There is no state-of-the-art engine in this thrust segment in terms of architecture, fuel burn and cost of ownership, Cojean said. Silvercrest will feature exceptional climb and cruise thrust–at least 25 percent better than current engines–“as new business jets now demand this level of performance, particularly at maximum payload, hot days and for long-range flights.” Another important aspect of Silvercrest, he said, is a simplified design that “incorporates innovative solutions that drastically reduce the parts count, giving a significant reduction in maintenance costs for the operator.”
Partnerships a Possibility
Like all its commercial engine ventures, Snecma is considering inviting risk-sharing partners to join the program, according to the specific technology and market requirements of business aviation. Cojean stressed that Snecma is the only French engine company, but risk-sharing partners will not necessarily be only French. Italy’s Avio is involved in the design and construction of the core demonstrator that will lead to construction of the engine. Avio will focus on the combustor case for the core, participate in the design and manufacture of parts and carry out preliminary tests before delivering the combustor module to Snecma next June.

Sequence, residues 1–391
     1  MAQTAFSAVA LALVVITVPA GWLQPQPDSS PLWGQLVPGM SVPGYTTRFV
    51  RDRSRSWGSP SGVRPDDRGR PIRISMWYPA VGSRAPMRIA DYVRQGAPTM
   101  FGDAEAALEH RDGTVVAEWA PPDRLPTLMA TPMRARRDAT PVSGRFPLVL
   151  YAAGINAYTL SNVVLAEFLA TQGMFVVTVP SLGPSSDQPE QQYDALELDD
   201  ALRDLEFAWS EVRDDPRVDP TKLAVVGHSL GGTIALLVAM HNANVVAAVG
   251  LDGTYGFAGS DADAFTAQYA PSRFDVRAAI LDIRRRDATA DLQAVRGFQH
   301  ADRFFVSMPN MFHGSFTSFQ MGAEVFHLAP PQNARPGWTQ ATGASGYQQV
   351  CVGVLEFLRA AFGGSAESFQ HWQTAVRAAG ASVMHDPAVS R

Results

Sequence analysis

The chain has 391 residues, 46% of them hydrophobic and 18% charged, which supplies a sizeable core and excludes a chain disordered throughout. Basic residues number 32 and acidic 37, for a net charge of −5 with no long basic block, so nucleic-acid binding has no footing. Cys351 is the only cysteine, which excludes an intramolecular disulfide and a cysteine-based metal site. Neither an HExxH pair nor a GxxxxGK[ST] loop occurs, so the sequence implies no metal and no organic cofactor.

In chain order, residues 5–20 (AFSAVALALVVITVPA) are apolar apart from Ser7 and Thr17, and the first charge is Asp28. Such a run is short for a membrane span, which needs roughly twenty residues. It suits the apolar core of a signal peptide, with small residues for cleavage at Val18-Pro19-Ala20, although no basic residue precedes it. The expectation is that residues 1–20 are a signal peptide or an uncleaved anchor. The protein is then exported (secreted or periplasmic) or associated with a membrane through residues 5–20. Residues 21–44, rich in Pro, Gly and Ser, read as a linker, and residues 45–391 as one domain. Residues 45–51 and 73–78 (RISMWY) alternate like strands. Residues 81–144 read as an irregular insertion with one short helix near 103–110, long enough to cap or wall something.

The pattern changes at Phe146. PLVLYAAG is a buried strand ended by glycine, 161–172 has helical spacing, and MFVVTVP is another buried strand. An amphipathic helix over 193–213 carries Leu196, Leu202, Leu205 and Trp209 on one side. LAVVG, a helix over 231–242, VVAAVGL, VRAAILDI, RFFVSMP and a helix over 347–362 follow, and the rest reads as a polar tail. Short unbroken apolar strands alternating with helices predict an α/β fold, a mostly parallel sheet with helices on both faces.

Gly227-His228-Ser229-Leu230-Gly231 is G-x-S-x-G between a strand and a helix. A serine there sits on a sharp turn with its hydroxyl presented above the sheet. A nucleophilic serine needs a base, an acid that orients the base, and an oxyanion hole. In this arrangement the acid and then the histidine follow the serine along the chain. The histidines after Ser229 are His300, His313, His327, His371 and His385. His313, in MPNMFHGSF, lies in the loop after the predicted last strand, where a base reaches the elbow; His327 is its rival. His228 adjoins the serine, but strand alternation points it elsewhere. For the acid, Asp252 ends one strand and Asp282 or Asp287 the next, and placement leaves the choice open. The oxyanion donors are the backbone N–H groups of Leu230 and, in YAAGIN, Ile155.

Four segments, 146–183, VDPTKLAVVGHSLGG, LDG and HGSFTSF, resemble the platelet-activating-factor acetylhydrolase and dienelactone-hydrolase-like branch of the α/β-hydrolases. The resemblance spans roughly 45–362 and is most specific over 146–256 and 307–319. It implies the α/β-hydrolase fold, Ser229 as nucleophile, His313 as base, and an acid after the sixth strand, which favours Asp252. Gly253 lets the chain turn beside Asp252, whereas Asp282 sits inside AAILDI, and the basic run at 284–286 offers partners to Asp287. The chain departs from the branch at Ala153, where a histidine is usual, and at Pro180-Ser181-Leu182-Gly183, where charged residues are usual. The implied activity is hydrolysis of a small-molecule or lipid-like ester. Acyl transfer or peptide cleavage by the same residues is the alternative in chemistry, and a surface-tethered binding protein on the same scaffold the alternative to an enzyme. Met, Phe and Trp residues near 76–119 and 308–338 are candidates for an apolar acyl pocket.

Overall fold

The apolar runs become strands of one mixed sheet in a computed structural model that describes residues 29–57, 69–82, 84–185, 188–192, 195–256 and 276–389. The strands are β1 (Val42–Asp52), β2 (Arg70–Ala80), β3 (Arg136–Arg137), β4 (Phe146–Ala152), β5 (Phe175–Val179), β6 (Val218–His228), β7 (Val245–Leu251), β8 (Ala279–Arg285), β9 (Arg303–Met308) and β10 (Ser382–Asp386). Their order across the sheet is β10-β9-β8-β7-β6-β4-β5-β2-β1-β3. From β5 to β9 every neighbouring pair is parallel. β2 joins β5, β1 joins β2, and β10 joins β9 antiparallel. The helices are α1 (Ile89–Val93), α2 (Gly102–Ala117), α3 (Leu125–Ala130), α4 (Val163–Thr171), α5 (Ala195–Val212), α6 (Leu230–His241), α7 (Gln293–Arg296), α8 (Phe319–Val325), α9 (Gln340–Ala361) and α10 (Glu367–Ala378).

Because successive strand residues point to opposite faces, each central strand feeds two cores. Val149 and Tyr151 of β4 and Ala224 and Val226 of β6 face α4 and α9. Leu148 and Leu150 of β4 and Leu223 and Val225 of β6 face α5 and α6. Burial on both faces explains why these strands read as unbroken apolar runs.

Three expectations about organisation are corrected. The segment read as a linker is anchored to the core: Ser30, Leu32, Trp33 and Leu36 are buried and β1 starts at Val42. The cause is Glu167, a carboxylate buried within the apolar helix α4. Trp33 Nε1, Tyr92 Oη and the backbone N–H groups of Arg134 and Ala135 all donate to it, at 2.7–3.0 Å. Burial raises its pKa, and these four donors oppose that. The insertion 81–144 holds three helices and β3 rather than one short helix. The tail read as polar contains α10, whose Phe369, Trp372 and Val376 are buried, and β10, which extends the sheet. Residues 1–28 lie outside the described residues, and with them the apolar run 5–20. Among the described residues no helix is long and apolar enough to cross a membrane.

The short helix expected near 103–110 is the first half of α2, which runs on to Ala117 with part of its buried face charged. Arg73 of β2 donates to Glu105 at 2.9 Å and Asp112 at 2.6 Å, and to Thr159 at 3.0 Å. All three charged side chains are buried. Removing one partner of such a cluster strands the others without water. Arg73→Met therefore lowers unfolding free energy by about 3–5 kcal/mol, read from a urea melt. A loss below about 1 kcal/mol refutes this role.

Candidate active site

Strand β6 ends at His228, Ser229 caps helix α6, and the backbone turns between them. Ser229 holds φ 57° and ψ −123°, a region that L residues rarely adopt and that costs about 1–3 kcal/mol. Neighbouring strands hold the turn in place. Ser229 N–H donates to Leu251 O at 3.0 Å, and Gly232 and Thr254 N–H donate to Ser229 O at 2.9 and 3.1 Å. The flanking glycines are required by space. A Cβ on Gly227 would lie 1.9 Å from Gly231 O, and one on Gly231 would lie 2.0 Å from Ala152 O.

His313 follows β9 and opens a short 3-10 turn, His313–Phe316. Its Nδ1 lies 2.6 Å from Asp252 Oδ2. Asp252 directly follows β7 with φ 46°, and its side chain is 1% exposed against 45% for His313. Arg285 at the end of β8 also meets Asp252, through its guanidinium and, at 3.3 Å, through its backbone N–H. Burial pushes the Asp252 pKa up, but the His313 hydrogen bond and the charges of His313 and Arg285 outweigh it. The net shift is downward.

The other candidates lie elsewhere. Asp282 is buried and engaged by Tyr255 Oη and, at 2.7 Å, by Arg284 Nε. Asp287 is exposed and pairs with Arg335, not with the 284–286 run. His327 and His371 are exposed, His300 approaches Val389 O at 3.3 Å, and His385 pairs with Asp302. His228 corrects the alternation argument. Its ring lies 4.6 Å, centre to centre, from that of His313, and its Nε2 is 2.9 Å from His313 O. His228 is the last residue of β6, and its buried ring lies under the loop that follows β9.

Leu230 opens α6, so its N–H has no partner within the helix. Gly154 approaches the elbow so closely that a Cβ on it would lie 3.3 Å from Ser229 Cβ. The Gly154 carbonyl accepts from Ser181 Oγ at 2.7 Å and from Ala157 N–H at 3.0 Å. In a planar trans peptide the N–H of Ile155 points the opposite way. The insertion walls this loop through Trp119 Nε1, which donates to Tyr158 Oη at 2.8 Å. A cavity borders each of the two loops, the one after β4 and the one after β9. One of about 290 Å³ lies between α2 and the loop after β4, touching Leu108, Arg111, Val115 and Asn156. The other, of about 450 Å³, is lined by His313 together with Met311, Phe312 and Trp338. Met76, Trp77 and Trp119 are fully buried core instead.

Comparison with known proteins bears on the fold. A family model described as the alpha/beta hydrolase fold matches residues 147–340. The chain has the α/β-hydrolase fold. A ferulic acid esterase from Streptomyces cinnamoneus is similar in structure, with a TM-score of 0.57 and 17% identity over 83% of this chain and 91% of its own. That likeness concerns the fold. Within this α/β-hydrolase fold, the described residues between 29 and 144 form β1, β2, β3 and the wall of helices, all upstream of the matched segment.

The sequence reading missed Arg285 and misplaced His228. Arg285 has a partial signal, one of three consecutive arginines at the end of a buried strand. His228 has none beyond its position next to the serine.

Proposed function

Snecma will pursue discussions with potential partners in parallel with the launch of the core demonstration phase but will maintain a leadership role on the powerplant’s development. The engine will be sold as a Snecma product and Snecma will hold at least 51 percent ownership of the project, he said. “We are initiating contacts for partners now and are confident we will find them. In fact, people are knocking on the door. It’s a nice situation to be in.”
Cojean said there is no relationship between Silvercrest and the new business jet, codenamed SMS, that Dassault chairman and CEO Charles Edelstenne last month said would be announced following the first quarter 2007 certification of the 7X trijet.
“We are talking to everyone who will require a 10,000-pound-thrust engine,” he said. “There is absolutely no combined strategy. If we power the new Dassault business jet, it will be because we have the best engine.”